KATIE.

Y'ain't a bad sort, Chopsey.


CHOPSEY.

I ain't been too good to you, I know. I want to make it up. Look, we'll have real bonzer times going out together. I'll take you to all the dances. I'll — what ?


KATIE.

It's all over now. You can't ring the changes on me.


CHOPSEY.

Strike me balmy, I didn't mean to punch you, Katie.


KATIE.

(Casually.) You punch? Bongo's the bloke that can punch!


CHOPSEY.

Katie —


KATIE.

No, you're out o' bounds.


CHOPSEY.

(Facing the position.) So you want to give me the chuck — me for — Bongo Williams.


KATIE.

(With some touch of Pity.) Yes, you've done your dash, Chopsey.


CHOPSEY.

Bongo — the beer sparrer ?


KATIE.

(Hardening.) He'll spar you any day of the week.


CHOPSEY.

He's a bloke that bashes women.


KATIE.

You're jealous, ain't you? Well, me and Bongo's fixed it up again. He'll be here any minute now.


CHOPSEY.

'Struth, I'll murder you.


  ― 29 ―


KATIE.

Don't get rattled. You ain't very strong, you know.


CHOPSEY.

(Making a last appeal.) Listen,Katie. I can't give you up. I love you, I do. I can't live without you. It's lonely on your pat. Gorblime, I couldn't love nobody but you, Katie. My luck's turned, I tell you. I'll get the stuff. We'll start all over again. We'll have the bonzer times. We'll be sweethearts, yes, just as we used to be. (Moving towards her.) You've been kidding me, Katie. I knew you didn't mean it.


(A bucks' whistle is heard outside.)

KATIE.

Here's Bongo.


(CHOPSEY stands helpless and perplexed.)

KATIE.

(Pointing dramatically to door.) Get!


CHOPSEY.

Gawdstruth, Katie —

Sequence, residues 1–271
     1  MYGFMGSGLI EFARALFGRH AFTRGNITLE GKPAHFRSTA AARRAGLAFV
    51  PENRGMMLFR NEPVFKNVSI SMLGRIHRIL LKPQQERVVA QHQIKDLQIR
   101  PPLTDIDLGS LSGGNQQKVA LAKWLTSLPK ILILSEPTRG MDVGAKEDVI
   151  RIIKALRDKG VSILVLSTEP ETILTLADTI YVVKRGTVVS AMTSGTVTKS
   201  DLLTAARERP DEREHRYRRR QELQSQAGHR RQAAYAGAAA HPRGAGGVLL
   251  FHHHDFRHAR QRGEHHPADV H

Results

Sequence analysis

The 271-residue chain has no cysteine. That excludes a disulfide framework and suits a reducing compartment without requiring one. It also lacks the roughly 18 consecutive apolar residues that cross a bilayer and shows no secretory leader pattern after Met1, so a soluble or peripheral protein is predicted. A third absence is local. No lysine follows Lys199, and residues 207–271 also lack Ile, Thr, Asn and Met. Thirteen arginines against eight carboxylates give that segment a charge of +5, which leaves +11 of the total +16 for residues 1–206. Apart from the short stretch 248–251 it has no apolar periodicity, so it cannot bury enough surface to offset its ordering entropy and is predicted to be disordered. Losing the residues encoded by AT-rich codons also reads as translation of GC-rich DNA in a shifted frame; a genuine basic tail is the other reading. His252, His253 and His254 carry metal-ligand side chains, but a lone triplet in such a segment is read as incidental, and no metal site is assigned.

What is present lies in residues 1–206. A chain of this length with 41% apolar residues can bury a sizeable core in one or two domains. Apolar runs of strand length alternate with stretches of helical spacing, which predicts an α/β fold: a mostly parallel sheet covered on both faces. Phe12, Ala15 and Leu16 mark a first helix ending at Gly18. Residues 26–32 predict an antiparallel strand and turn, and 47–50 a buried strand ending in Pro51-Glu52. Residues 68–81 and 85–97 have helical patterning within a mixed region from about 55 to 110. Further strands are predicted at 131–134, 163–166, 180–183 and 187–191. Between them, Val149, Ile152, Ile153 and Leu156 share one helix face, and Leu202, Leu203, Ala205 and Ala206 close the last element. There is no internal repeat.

(BONGO passes window.)

KATIE.

(Triumphant.) Scarp off.


(BONGO, a powerful, square-set man, dressed in a blue sweater, with cap and black silk muffler, bull dog jawed, clean shaven, gaol cropped — smiling and confident, comes to door.)

KATIE.

Come in, Bongo.


(BONGO enters, silent and masterful. He stares at CHOPSEY.)

KATIE.

Take no notice of him.


KATIE.

You ain't no busker, are you Bongo?

(To the terror-stricken CHOPSEY, who picks zip coat and hat.)

Get out, you cow.

(BONGO makes a step towards CHOPSEY. KATIE clutches his arm.)


KATIE.

Don't dirty your hands on him, Bongo. (To CHOPSEY.)

See if you can get on with Fishy Liz. She's fond o' music.

(CHOPSEY makes for door, while BONGO fans him out.)


KATIE.

Blime, you're looking pink. How'd they treat you ? Have you got your punch back, Bongo ? Sit down.





  ― 30 ―

(BONGO takes seat at table. KATIE puts crayfish on plate, etc.)

KATIE.

Have a bit o' cray, Bongo. Better than hominy, eh ? We'll stick together, Bongo. When are you going to fight in the halls? Ain't you feeling peckish ? This is what you want.


(She produces jug of beer, and fills large glass.)

KATIE.

Here you are, Bongo. It'll do you good. Have your taste first. You're the bloke, Bongo!


(BONGO drains glass, stretches out arms, and drags KATIE to him, as the curtain falls.)

CURTAIN.